The New Zealand Ministry for Primary Industries (MPI) has revoked export certificates for four China-bound shipments of dairy protein, lactoferrin, after nitrate levels in excess of national standards were discovered in related batches.
The Wellington-based regulator announced earlier today that permits attached to the consignments, which were derived from two batches of lactoferrin manufactured by Westland Milk Products, have been withdrawn.
It took the decision after being alerted by Westland that the two batches, which totalled 390kg, had been found to contain nitrate levels of 610 and 2198 parts per million (ppm).
The New Zealand maximum limit for nitrates is 150ppm.
“Negligible” food safety risk
One of the two affected batches was exported directly to China as an ingredient. the other was supplied to New Zealand-based Tatua Cooperative Dairy Company, which later exported it to China. The tainted batches have, however, been traced and quarantined, Westland and the MPI confirmed.
Despite its decision, the MPI believes that the food safety risk to Chinese consumers is “negligible.”
“…the quantities of lactoferrin used in consumer products was very small, meaning the nitrate levels in those products would easily be within acceptable levels,” said MPI acting director-general Scott Gallacher.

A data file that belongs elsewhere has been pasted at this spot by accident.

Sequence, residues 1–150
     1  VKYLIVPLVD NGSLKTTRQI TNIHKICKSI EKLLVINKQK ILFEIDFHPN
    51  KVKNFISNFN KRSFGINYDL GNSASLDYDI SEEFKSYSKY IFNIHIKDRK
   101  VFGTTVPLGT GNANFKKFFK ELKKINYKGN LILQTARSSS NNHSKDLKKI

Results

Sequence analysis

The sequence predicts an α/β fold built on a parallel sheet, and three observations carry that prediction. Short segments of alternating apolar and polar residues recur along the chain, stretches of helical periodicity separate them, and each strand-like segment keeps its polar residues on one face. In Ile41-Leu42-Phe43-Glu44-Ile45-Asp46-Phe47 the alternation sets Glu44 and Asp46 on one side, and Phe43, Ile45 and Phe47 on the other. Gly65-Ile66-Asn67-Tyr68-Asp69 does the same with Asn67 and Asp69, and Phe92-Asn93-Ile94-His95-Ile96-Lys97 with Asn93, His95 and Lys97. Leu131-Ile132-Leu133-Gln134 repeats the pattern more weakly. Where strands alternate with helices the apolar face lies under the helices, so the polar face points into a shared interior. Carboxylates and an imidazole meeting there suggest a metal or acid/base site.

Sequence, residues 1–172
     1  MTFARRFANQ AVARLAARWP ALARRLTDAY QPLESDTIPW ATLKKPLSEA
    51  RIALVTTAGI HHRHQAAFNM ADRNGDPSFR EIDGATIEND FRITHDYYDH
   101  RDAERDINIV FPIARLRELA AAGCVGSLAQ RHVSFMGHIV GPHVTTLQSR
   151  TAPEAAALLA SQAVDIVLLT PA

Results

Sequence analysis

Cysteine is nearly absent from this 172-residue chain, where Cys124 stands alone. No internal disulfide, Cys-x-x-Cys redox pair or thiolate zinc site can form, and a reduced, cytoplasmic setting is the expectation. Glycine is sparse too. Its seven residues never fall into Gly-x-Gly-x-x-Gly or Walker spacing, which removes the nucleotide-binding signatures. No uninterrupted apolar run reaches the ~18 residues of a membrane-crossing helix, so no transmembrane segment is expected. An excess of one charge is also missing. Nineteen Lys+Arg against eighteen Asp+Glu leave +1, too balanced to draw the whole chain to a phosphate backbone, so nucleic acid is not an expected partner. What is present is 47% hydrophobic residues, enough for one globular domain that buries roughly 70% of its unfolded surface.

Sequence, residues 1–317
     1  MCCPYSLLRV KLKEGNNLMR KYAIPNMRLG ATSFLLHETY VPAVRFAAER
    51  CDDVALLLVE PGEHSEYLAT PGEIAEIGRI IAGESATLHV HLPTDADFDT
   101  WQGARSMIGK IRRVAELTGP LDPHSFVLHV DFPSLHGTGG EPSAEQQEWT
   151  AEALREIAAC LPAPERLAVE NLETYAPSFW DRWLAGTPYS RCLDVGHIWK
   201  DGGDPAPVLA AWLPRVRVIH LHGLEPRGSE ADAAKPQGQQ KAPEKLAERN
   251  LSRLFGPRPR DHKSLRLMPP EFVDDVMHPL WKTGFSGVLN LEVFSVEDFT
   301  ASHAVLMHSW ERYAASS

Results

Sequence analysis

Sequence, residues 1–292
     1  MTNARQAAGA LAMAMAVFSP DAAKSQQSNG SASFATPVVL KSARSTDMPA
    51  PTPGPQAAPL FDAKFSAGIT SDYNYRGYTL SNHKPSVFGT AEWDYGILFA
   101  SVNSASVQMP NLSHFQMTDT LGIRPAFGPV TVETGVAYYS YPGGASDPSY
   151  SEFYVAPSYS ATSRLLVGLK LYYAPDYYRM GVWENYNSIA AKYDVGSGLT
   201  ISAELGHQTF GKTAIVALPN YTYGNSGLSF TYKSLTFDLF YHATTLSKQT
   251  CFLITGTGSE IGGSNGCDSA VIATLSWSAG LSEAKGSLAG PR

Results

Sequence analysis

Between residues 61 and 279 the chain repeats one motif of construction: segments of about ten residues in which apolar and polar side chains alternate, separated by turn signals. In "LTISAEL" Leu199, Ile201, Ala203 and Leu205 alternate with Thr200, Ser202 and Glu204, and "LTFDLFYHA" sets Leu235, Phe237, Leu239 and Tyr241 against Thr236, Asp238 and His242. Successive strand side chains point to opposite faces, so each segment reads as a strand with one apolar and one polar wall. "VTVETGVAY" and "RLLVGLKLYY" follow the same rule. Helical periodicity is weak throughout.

Despite the MPI decision, Westland has denied that the affected lactoferrin posed any risk to consumers.
“Food safety is not the issue in this instance because lactoferrin is used as a very minor ingredient in food products. This means that, even if the lactoferrin with elevated nitrates had been added to food, the retail products would still have nitrate levels significantly below allowed limits,” said Westland CEO, Rod Quin.
As a precaution, Westland has placed a temporary block on its lactoferrin stocks and commenced re-testing of all individual batches. According to company, all lactoferrin products tested have produced results well below the country’s nitrates limit.
“Based on these results and our investigations to date, Westland is of the view it is an isolated incident in the lactoferrin plant only, where traces of cleaning products (which contains nitrates) were not adequately flushed from the plant prior to a new run of product,” said Quin.
“Our investigation is underway to establish the root cause and we have implemented corrective action, so we can ensure this does not happen again,” he added.